If you are looking for a plant that is tough as nails and blooms from spring through fall, then guara may be a fit for your garden. Gaura is a Texas native that loves full sun and tolerates drought. I have learned to appreciate its drought tolerance this summer. Right now, I am pouring the water to my beds. While it is keeping things alive, nothing is thriving. Nothing that is, except the guara.
The guara that I have is a pink variety known as Onagraceae Guara lindheimeri. This variety grows natively in the Texas Hill country. As the name implies, guara was first “discovered” by Ferdinand Jacob Lindheimer. Lindheimer is known as the father of Texas botany. He worked as the first botanist in the state primarily between 1843 and 1852. Because of his extensive life-long work with plants, his name has now been assigned to 48 species and sub species of plants.
There are 20 species of guara that are native to the United States. This perennial can be found in Texas, Louisiana, and most of the Gulf South. Gaura is an upright growing plant that grows in clumps that can be 2’ to 4’ high and just as wide. The leaves are long and skinny with slightly serrated leaves. The plant produces long, thin stalks that are often red to burgundy in color. The inch long flowers have four petals and grow along these stems. The flowers can range in color from white to deep magenta and they drop after full bloom. Some varieties bloom white and then turn to pink in a single day. Many times, the flowers grow on the ends of the stems. When viewed from a distance, the flowers on the terminal ends of the stalks appear to be tiny butterflies “dancing” above the plant. This gives rise to its common name; Whirling Butterflies.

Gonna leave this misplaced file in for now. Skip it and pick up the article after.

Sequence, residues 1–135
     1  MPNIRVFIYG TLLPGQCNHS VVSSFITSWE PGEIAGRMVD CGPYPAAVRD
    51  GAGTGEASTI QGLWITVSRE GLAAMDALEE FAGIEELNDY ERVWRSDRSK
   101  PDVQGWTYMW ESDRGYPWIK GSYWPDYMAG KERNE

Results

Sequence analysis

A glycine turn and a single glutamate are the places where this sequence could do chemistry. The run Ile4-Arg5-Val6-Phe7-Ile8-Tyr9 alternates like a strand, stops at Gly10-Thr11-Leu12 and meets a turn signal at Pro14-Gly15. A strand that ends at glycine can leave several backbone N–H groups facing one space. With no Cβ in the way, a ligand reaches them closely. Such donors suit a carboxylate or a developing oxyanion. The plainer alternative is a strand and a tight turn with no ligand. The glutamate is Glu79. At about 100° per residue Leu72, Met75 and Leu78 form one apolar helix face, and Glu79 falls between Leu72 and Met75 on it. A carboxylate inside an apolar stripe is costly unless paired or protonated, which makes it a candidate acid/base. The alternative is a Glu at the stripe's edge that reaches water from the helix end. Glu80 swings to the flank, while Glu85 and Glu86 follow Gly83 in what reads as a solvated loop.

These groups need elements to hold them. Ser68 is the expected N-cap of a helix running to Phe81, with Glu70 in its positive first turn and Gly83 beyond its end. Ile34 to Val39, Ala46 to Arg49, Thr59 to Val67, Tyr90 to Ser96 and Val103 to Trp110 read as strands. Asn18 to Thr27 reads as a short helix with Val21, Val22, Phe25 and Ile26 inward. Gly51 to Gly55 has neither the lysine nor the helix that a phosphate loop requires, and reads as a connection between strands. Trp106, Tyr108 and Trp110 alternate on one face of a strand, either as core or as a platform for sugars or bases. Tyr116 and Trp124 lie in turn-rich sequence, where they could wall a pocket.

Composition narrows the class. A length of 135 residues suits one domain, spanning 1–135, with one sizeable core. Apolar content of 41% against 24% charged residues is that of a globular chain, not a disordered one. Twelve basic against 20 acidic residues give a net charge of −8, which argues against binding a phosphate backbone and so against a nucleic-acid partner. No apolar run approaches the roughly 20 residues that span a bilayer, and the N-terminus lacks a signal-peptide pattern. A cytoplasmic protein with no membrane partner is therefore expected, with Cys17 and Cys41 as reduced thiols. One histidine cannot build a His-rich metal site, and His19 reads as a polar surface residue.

Guara is very easy to grow from transplants. Plant in early spring in full sun or partial shade. It prefers rich, well drained soil and it will tolerate alkaline conditions. It grows quickly and by early summer you will have a fairly large and attractive plant. By fall, your guara will be a large full clump of “Whirling Butterflies”.
Guara can reseed but it is not an aggressive self seeder. You can also divide guara once it has been established for several years. However, it develops a deep tap root and this can make transplanting a bit of a challenge.
Gaura is an attractive long blooming perennial that is perfect for the Texas border. Its open, airy foliage is attractive even when not in bloom. It flowers prolifically from spring through fall and butterflies and humming birds love the small flowers. While it may not be the flashiest plant in the garden, it is tough and reliable. The way it has continued to thrive in spite of the worst drought in our history has convinced me to use more of this survivor in my beds. Why don’t you try some in yours?